Amazon and MPA ask GitHub to suspend the Kodi add-on’s developer account.


Amazon and MPA want GitHub to delete the account of a developer who developed Kodi Add-ons

Kodi is a free and open-source media player software application developed by the XBMC Foundation, a non-profit technology consortium. Kodi is available for multiple operating systems and hardware platforms, with a software 10-foot user interface for use with televisions and remote controls.

However, Amazon, MPA, and MPA-Canada have filed a request with Github requesting that a Kodi add-on developer’s account be deleted from the platform. The companies have also filed a copyright case and a permanent injunction handed down by Canada’s Federal Court.

Kodi software is entirely legal but when it is used with third-party add-ons, it turns into a piracy powerhouse. As a result, the developers of Kodi are legally in the clear but the same cannot be said for the developers of the countless add-ons designed for the express purpose of finding, accessing, and delivering infringing content.

The MPA and like-minded companies are in a constant battle to disrupt their activities, sometimes ending up in court to achieve those goals.

In February 2018, Mr. Blamo(developer) revealed that he, in common with several of his counterparts, had been threatened by content companies. From there the trail went cold but according to a complaint filed against Github this week, legal action in Canada followed.

On September 7, 2018, a dozen companies including the studios of the MPA/MPA-Canada plus Amazon and Netflix launched a copyright infringement lawsuit at Canada’s Federal Court against an individual “doing business” as Mr. Blamo.

“In the context of that action, our clients alleged that [Blamo] notably developed, hosted, promoted and distributed infringing add-ons for the Kodi media center, which provided unauthorized access to motion pictures and television content for which the copyright is owned by our clients,” the MPA writes.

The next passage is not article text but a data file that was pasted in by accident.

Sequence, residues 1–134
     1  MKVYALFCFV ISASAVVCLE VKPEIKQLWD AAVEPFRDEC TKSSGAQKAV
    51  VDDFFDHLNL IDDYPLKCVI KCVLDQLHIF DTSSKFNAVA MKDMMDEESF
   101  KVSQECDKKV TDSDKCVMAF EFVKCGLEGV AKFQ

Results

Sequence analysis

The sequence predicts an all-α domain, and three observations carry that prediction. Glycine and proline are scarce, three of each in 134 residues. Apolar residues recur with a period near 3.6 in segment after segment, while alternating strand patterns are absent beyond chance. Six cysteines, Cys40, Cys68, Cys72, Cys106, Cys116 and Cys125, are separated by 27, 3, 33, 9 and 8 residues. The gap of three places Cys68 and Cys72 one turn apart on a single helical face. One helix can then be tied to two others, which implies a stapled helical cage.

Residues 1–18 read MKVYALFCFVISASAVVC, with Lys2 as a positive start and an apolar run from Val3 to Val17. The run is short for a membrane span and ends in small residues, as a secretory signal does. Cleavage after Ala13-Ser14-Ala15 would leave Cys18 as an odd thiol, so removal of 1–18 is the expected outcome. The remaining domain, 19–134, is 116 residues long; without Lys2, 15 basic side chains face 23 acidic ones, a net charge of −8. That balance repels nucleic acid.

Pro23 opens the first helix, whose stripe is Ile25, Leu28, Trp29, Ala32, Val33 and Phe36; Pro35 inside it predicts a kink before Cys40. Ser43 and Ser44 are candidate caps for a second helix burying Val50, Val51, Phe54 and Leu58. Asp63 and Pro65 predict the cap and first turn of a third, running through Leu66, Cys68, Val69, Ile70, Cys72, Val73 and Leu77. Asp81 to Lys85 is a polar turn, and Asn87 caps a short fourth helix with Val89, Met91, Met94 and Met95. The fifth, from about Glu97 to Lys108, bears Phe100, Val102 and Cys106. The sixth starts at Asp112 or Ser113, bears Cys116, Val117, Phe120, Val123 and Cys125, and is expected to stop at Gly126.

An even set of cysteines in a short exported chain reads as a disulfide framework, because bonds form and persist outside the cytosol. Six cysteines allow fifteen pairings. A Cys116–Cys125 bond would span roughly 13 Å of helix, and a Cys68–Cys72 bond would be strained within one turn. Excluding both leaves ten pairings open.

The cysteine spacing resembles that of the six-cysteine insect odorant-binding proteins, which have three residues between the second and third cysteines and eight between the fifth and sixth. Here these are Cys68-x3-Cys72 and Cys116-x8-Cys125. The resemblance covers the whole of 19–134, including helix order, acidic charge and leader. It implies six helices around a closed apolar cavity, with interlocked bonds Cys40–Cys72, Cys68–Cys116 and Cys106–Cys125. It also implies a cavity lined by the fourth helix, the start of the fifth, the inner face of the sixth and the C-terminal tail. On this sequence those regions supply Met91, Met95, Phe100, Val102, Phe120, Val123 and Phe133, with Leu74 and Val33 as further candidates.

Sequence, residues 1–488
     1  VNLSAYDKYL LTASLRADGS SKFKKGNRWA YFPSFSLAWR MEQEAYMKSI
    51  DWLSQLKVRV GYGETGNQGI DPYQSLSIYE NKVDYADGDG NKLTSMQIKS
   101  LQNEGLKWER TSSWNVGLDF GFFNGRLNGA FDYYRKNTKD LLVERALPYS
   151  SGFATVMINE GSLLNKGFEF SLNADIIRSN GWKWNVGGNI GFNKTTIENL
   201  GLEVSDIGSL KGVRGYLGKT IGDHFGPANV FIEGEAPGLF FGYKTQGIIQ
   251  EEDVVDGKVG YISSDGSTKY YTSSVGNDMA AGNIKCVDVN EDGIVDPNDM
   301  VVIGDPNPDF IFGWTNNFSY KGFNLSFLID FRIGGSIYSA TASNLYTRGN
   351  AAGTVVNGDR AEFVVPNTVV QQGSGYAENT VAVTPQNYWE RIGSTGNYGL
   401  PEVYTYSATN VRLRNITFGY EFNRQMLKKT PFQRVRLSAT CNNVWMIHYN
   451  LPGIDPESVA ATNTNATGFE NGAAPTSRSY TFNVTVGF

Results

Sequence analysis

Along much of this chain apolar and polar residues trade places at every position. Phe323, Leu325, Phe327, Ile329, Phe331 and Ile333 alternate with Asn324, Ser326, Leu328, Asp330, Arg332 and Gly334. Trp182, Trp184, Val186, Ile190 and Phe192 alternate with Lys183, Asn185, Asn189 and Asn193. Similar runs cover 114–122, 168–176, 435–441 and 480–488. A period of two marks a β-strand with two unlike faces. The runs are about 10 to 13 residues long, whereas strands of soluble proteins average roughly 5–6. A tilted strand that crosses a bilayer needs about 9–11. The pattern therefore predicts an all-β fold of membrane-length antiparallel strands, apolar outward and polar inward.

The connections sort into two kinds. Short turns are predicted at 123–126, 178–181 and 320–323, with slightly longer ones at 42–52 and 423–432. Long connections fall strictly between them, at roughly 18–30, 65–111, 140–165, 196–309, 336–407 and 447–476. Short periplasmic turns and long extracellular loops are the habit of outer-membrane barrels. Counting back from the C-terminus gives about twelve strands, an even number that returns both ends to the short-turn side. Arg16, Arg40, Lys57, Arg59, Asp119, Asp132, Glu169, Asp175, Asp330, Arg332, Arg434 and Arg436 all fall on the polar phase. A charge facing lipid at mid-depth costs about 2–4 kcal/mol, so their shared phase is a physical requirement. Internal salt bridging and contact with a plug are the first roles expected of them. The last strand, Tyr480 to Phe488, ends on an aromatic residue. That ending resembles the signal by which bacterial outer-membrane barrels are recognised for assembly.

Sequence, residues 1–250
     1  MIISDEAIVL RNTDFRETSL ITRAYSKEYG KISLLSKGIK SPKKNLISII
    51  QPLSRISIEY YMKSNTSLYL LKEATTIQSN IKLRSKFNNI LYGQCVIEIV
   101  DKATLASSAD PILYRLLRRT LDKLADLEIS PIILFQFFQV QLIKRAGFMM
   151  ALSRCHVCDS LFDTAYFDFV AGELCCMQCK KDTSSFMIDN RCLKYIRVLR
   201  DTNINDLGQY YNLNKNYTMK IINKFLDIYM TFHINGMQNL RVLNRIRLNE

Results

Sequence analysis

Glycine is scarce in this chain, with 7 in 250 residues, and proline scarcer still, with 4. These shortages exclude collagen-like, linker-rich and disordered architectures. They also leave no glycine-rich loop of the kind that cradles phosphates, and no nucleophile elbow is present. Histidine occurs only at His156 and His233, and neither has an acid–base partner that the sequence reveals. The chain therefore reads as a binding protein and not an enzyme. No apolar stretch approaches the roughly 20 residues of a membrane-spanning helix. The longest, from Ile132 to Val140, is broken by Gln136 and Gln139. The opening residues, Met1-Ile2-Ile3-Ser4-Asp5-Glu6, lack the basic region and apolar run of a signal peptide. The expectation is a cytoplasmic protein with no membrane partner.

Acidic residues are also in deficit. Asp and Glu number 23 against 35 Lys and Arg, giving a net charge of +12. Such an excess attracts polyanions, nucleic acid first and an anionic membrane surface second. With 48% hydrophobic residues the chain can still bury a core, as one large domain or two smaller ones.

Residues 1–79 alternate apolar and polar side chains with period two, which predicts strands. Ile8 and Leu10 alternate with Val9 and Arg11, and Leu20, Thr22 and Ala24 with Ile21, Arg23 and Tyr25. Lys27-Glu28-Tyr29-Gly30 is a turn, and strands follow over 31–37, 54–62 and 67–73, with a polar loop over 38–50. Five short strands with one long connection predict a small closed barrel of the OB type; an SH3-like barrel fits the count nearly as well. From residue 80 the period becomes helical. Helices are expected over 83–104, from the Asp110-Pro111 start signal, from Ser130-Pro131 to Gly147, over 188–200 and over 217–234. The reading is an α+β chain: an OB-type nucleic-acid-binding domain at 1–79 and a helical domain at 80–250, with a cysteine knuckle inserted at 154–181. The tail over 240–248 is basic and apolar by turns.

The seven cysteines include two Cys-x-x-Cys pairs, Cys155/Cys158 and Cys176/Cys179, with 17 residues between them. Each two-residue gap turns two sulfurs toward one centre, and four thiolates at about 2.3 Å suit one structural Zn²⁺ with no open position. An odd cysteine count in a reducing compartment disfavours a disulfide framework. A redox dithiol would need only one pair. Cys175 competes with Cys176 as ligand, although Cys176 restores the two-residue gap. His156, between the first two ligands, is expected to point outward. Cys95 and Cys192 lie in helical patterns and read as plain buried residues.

“The permanent injunction enjoins and restrains [Blamo] from, inter alia, hosting, distributing or promoting infringing Kodi add-ons and their repositories, including notably the ‘Blamo’ repository and the ‘Chocolate Salty Balls’ infringing add-ons,” the MPA adds.

Blamo has a Github account where it is claimed he continues to “host and distribute infringing Kodi add-ons and their repository, including notably the Chocolate Salty Balls infringing add-on and the Blamo repository.” This, the MPA says, amounts to contempt of court.

“We request that GitHub, Inc. (‘GitHub’) suspend the account (the ‘Account’). The Account is used by its operator to engage in ongoing acts of copyright infringement in contravention of an Order of the Federal Court (Canada) issued on January 15, 2019, which amounts to contempt of Court by the Account’s operator,” the MPA’s complaint reads.

“We, therefore, request that GitHub immediately suspends the Account to preserve our clients’ rights and ensure that the letter and spirit of the Final Judgment of the Federal Court are respected,” added MPA’s complaint

However, it has deleted the first two URLs listed in the MPA’s complaint, URLs that contained the content specifically covered by the injunction handed down by the Federal Court in Canada. Moreover, GitHub is yet to take action against the company.


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